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ART BASEL MIAMI BEACH: SPECTACLE OR SUBSTANCE?

 

 

By Antoine du Rocher 

NEW YORK, 1 DECEMBER 2005—Now as important to style editors as much as the art market, the lavish and somewhat baroque Art Basel Miami Beach (1 - 4 December 2005) continues its pitch as the North American winter edition of Art Basel, the world’s largest and most important trade fair for modern and contemporary art held in Basel, Switzerland each June.

The core of Art Basel Miami Beach is composed of 195 leading art galleries from North America, Latin America, Europe, Africa and Asia presenting 20th and 21st century art works by over 2000 artists. All of the media (paintings, sculptures,  installations, photography, editions, performances, digital and video art) on show are for sale. Prices start at a few hundred dollars for multiples and works by young artists, with museum-quality masterpieces bearing price tags in the millions.

In past years, Art Basel Miami Beach has included crossover events with musicians, film personalities and sports celebrities such as Lenny Kravitz, Kathryn Bigelow, Ralph Fiennes and Muhammad Ali. In its fourth edition, this new form of art event combines an art show with a programme of special exhibitions, VIP openings and parties, visits to private and public art collections.

This year, the most sought after invitations are those for the "open house"tours of private art collections owned by wealthy local collectors. For many it is not only an opportunity to see who has acquired what, but also the chance to get a closer look at the lives of the south Florida rich and stroll about their spectacular properties. About a dozen collectors will open their homes for tours. Invitations are sometimes available from a well-connected local gallery. This year also marks the debut of design05 Miami (1 - 5 December 2005), a show of contemporary design exhibiting post-war to contemporary museum quality furniture and decorative arts.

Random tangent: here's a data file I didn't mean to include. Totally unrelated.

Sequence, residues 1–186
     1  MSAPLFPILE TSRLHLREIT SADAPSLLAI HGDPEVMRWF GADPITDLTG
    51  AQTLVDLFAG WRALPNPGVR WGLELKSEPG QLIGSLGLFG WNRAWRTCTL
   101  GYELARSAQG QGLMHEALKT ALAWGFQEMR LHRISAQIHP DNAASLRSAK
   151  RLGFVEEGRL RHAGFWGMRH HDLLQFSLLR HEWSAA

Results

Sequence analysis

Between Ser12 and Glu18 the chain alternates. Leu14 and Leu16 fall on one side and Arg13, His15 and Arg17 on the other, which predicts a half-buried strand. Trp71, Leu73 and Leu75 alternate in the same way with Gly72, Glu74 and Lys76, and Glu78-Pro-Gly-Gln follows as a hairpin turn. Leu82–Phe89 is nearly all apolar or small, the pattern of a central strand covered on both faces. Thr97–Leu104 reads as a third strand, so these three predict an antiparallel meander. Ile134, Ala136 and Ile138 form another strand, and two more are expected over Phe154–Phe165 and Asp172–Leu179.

Still, despite the long queue of private jets at Miami airport, not all serious art collectors rush to this event. One such New York collector, who preferred to remain anonymous, confided to Culturekiosque  that he had no intention of attending Art Basel Miami Beach because whatever important contemporary art works are currently for sale, he can see them in New York. Serious dealers know where to find him.

 

BOOK TIP

Lack of time, training or interest can be among the reasons that an international luxury clientele call on interior designer Geoffrey Bradfield. He has established his name among wealthy art collectors and property owners from Park Avenue, to Palm Beach to the Rockies and beyond with his special brand of interiors known as Millennium Modern—an appealing fin de siècle concept based on the reinterpretation of designs of the 1930s and 1940s.  No stranger to art fairs, the South African-born designer frequently shops for the accounts of his private clients at events such as the prestigious European Fine Art Fair in Maastricht.

Some may have a horror of decorators no matter how talented or distingushed they may be, preferring to put their own personal stamp on their residence, but even they can find pleasure in this book and its superb photographs, in seeing how to integrate a significant modern or contemporary work of art into a private residence without it overwhelming an interior or simply looking like a work for sale in a Manhattan gallery or on view in a museum. 

Geoffrey Bradfield: Defining Millennium Modern
by John Pellam
Hardcover: 256 pages
Bibliotheque: World Wide (1 April 2004)
ISBN: 1882292324
$45.00
Available at Amazon.com.

Antoine du Rocher is a French cultural critic and journalist based in New York. He is managing editor of Culturekiosque.com



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